Universities UK, a body that represents most of the universities in the country, recently issued a document External Speakers in Higher Education Institutions. This was intended “to provide practical assistance to universities in steering a path through all the different considerations, legal and otherwise, that arise in the context of inviting external speakers on campus.”

One section of the guidelines, “Case Study 2: Segregation” (Chapter 3: External Speaker Case Studies) has come in for considerable criticism, since it appears to condone segregation of men and women for religious reasons at public events if demanded by a speaker .

Part of the offending opinion runs as follows:

It should therefore be borne in mind – taking account of the s.43 duty, as well as equality duties and Human Rights Act obligations – that in these circumstances, concerns to accommodate the wishes or beliefs of those opposed to segregation should not result in a religious group being prevented from having a debate in accordance with its belief system…

Those opposed to segregation are entitled to engage in lawful protest…but their views do not require an institution to stifle a religious society’s segregated debate where the segregation accords with a genuinely-held religious belief.

My impression is that UUK are treading as carefully as they can on a path strewn with numerous legal traps accreted over the years by various government bodies, both national and European (the EU and the Council of Europe both have a hand in the legislation). To satisfy one group would be to antagonise and offend another, and the last thing anyone wants is a legal challenge. In our modern, diversity-and-equality-obsessed, (post-)multicultural society, religion ends up trumping the law and giving offence is the biggest crime of all.

So it’s free speech for bigots only.

Ironic, isn’t it, that the human rights industry has now got itself into such a righteous mess that sexism can be justified on religious grounds?

The Black Path free literary event, Wed 23 Oct, Lincoln University.

Those of you in Lincoln or environs – don’t forget that there will be a free reading of work from The Black Path by last year’s students on the MA Creative Writing course.

The reading will take place in MC0025, 12.00 – 1.00, Wednesday 23 October (2013). Work will include poems, flash fiction and extracts from longer pieces.

Everyone welcome.

Poetry & Audience: 60th birthday celebration at Leeds University.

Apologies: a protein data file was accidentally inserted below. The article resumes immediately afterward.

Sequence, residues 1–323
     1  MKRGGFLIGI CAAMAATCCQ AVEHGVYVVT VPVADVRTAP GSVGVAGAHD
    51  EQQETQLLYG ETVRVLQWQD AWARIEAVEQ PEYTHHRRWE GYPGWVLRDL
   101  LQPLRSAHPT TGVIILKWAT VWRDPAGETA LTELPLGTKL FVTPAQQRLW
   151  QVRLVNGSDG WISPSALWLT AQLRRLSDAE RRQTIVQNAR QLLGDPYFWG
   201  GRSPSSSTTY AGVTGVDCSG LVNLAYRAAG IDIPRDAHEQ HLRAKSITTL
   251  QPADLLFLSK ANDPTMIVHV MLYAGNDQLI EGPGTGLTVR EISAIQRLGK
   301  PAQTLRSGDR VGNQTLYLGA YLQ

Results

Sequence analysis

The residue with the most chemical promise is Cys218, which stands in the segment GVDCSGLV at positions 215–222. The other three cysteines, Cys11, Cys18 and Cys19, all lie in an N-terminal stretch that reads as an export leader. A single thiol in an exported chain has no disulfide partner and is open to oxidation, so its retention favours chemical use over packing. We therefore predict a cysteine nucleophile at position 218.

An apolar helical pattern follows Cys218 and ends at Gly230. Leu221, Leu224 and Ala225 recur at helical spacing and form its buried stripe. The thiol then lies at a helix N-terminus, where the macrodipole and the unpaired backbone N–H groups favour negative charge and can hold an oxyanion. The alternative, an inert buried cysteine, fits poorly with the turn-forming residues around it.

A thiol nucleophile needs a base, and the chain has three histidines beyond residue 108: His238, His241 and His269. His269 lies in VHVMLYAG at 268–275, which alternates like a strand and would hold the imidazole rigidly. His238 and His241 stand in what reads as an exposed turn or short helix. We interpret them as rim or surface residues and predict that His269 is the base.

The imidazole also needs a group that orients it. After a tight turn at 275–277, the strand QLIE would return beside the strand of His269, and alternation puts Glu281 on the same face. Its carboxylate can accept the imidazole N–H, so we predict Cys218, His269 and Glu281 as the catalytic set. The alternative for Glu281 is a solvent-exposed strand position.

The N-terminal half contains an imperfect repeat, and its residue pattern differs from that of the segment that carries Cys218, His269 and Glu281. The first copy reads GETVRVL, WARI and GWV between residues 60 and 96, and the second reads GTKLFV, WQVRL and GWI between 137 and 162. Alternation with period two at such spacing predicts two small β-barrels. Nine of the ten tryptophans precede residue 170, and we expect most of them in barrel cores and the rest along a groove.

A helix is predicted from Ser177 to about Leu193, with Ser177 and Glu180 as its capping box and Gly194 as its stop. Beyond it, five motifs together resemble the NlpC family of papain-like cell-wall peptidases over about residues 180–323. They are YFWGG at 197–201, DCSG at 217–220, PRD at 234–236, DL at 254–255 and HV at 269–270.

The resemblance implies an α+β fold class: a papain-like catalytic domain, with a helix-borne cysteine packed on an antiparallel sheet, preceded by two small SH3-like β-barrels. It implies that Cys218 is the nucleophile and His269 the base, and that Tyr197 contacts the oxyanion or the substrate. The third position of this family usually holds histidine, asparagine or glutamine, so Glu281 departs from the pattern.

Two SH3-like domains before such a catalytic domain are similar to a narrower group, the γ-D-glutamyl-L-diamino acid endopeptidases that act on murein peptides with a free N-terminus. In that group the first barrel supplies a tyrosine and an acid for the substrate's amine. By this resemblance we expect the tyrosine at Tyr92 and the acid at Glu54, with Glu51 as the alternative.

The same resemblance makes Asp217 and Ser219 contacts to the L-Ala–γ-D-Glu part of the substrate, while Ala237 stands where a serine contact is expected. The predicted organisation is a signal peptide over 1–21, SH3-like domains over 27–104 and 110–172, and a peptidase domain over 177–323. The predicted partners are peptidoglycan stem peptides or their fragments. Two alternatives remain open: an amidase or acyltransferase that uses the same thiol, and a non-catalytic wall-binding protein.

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Prof John Whale with the sculpture by Hubert Dalwood, bequeathed to the editors of Poetry & Audience in its early days.

Saturday, 19 October, 2013

Editors past and present, together with various poets, magazine editors and current students gathered at the School of English at Leeds University to celebrate 60 years of Poetry & Audience.

Poetry & Audience is one of the longest-running poetry magazines in the UK and owes its longevity as much to the frequently crisis-driven student-owned nature of its existence as to the commitment of the School of English. It also forms an integral part of the strong literary tradition of Leeds, which includes JRR Tolkien and poets such as Geoffrey Hill, James Kirkup, Tony Harrison, Ken Smith, Jeffrey Wainwright, Jon Glover, William Price (“Bill”) Turner, Paul Mills and many others.

The anniversary involved  a roundtable discussion of poetry magazine publishing, readings by P&A poets and editors and individual accounts of the history of P&A (Michael Blackburn, Elaine Glover, John Goodby, Emma Must, Chris Nield, Antony Rowland, Jeffrey Wainwright).

The event was hosted by Prof John Whale, with sessions chaired by Fiona Becket, Hannah Copley and Emily Timms (who also arranged an exhibition of P&A materials). Many thanks to all of them and anyone who I’ve forgotten to mention.

Participants: Michel Blackburn, Carole Bromley, Elaine Glover, Evan Jones, Paul Maddern, Adam Piette, John Goodby, Jay Parker, Christie Oliver-Hobley, Sarah Webster, Amy Ramsey, Mick Gidley, Elaine Glover, Emma Must, Antony Rowland, Jeffrey Wainwright, Hannah Copley, Eleanor Ford, Daniel Boon.